That’s right. I used to hide my heritage. I get that sounds weird. I didn’t appreciate my uniqueness. What made me…me. I was inspired to read this post after I watched a video with Shay Mitchell. I could relate all too well. Let me try to explain why I had such an inner struggle.
Tired of being called exotic or pretty for being brown. I know being exotic is something I should have embraced. It is meant to be a compliment. Truth be told, I kind of like it now. But as a teenager it just made me feel different and not as worthy. It made me feel like I wasn’t like everyone else. Now, I enjoy being different.
I was made fun of…a lot. I wasn’t really told I was pretty until my freshman year of high school. In fact, I was reminded how ugly I was every single day from kindergarten to eighth grade. It’s hard not to be self-conscious at that point. I was one of a few kids who were not caucasian. Even though I started to feel confident in my skin during my high school years the old me would still nag on each little feature. I would hate on my skin color, my eyes, my hair color, my smile, my nose, my stomach, everything. Everything that I should have loved – especially that stomach because I looked good. Don’t you wish you could go back to your former self and give them a little pep talk? I know I do.
I was the weird kid who would bring sushi to lunch. Now, sushi is the cool thing. I bet my son’s friends will be jealous when I make him sushi for lunch.
Growing up, I would look at other girls and wish I looked just like them. Pamela Anderson was all the rage and I looked nothing like her. No one really looked like me until Jessica Alba in Dark Angel and Jennifer Lopez in Selena came along. Before that, I didn’t have any celebrities with similar features to me that were considered beautiful.
I felt different. I remember one of my high school teachers told us to look around and see how many non-white students were in the class. Guess where everyone looked? Right at me and one other kid. Don’t worry, his lesson was to talk about the lack of diversity in a constructive way.
I hated my brown eyes. They looked like poop. So what did I do? I wore colored contacts. Blue and green contacts were my go-tos. I wore them almost every single day my senior year of high school.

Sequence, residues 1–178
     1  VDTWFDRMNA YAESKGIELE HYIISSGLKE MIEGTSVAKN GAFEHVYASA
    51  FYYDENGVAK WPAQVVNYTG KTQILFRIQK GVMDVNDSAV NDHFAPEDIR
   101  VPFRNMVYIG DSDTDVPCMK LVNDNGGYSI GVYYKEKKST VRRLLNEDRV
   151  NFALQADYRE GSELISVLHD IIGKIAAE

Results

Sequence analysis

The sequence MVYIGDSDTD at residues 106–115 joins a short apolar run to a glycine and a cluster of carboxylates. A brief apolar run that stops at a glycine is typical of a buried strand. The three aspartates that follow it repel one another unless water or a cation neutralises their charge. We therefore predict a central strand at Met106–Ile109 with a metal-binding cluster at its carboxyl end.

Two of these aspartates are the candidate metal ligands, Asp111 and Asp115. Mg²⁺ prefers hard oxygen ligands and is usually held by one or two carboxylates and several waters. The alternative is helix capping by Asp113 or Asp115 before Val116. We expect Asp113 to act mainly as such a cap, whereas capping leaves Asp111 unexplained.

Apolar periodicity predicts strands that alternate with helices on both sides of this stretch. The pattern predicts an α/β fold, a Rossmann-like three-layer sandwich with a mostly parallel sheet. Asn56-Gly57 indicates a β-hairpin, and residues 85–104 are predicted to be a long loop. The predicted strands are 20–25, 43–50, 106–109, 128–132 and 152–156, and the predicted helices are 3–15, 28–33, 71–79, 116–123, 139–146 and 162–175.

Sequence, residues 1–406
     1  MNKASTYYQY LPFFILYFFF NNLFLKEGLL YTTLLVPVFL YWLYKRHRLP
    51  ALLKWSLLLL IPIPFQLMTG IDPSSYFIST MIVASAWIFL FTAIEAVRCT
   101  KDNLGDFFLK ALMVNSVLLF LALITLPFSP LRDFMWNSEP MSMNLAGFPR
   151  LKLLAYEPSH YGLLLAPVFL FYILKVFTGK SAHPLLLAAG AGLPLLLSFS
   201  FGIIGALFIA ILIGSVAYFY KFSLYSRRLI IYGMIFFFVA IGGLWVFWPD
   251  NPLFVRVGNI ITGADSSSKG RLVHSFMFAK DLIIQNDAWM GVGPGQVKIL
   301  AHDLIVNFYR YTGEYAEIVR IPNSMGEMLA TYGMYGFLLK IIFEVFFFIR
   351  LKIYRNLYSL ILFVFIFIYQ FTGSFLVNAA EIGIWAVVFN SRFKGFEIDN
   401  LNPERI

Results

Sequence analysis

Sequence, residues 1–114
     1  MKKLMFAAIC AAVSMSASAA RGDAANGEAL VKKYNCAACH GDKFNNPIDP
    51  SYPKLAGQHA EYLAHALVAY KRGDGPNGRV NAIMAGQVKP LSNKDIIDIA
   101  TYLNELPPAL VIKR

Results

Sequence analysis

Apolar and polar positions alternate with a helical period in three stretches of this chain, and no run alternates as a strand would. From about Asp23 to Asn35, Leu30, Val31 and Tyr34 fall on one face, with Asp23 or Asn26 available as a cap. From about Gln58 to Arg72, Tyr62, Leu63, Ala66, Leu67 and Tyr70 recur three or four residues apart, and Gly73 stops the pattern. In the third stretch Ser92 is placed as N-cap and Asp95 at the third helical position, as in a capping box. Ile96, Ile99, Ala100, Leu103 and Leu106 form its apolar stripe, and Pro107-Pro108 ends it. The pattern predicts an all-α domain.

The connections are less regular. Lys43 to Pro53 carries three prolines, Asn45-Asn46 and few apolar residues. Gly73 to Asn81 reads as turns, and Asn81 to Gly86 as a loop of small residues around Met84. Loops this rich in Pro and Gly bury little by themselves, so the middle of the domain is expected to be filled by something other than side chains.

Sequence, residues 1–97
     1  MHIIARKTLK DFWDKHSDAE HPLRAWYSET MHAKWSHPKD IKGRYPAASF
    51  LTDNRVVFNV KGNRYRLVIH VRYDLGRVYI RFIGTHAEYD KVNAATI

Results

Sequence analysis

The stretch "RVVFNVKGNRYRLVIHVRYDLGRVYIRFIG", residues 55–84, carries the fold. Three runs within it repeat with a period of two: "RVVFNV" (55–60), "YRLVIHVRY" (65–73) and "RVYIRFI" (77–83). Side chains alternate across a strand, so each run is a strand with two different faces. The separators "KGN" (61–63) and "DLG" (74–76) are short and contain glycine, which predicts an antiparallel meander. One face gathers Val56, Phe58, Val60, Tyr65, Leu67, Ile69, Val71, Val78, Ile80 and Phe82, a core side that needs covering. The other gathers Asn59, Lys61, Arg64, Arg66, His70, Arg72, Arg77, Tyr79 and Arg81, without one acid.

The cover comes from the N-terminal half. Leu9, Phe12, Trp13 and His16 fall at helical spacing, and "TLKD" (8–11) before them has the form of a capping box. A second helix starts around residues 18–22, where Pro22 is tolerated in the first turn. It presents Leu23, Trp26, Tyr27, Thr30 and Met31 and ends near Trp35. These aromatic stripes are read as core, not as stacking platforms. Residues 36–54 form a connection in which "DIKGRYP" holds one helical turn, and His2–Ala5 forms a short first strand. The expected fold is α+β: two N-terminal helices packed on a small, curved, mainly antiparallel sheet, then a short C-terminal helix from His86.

Want to know what else? I loved to dye my hair. I wasn’t into my dark brown hair. It didn’t help that Jessica Alba and Jennifer Lopez both had pretty blonde hair too. I still get the itch to dye my hair, but now it’s because I want to. Not because I’m trying to look less ethnic. I even dyed my hair blonde after Damian because I was tired of people thinking I was the nanny.
I‘ve had boyfriends moms not like me because of the color of my skin. They “liked me” but didn’t feel I was “right for their son” because I didn’t have blonde hair and blue eyes. The pain I felt can’t even be described. This isn’t a one-off incident either. There’s nothing I could do except cry. It’s one thing for someone not liking you because your personality isn’t their cup of tea. It’s another when someone writes you off because of your appearance or ethnicity before even giving you a chance. That does a number on you.
Don’t feel like I’m really a part of a culture. I’m not Japanese/Islander/Filipino/Indian/Irish/etc. Enough. I can’t tell you how many times I’ve heard “that doesn’t count” when saying I’m a quarter Irish. People don’t realize hearing the words “that doesn’t count” can really cut. Do I not really count? I don’t belong…anywhere? Ouch. That hurts.
My mother left me when I was one years old. When that happened I lost any and all connections to being Filipino. It’s always an awkward thing when people ask why I don’t know any tagalog or about the culture. I know pancit, adobo chicken, and lumpia. That’s it. I wish it was different but those are the cards I was dealt.
I was raised in a Japanese household by my half Japanese, half Indian grandmother. Sadly, her Indian father was taken away from her during World War II while they lived in Japan. The Japanese considered him under British rule even though his family was Japanese. Growing up, she dealt with a lot of prejudices being biracial. As you can imagine, that didn’t stop when she married an Irish army man from Kansas.
Today I am proud of my background, yet I still don’t feel like I’m really part of any culture. In my soul, I’ve always felt more drawn to the Polynesian culture. Not because I look the most like it. It brings a sense of home to my soul. However, that’s not all that I am. I am a mix of beautiful, interesting, and dynamic cultures. In spite of that, I’m never enough. Isn’t that a sad feeling even in today’s society? I still have to check “other” as my ethnicity.
Racism still exists today. I get confused for the nanny all the time. I have been followed in stores from clerks. I’ve heard she’s cute for being ethnic or for being a brown girl. Still. In 2016. Racism is live and well in America. All you have to do is look on your Facebook feed or turn on the news.
Even with today’s culture I don’t care anymore. I just don’t. I have finally grown to love my brown skin. I love my dark hair. I love my dark eyes. Yes, there are times when I don’t like what I see in the mirror. But, I love my ethnicity. While I still don’t feel like I belong in any box that’s okay. I can be a little bit of everything and if anyone has a problem with it that’s on them.
Love yourself. Whether you’re mixed or not – love yourself. You are beautiful and unique. Embrace it.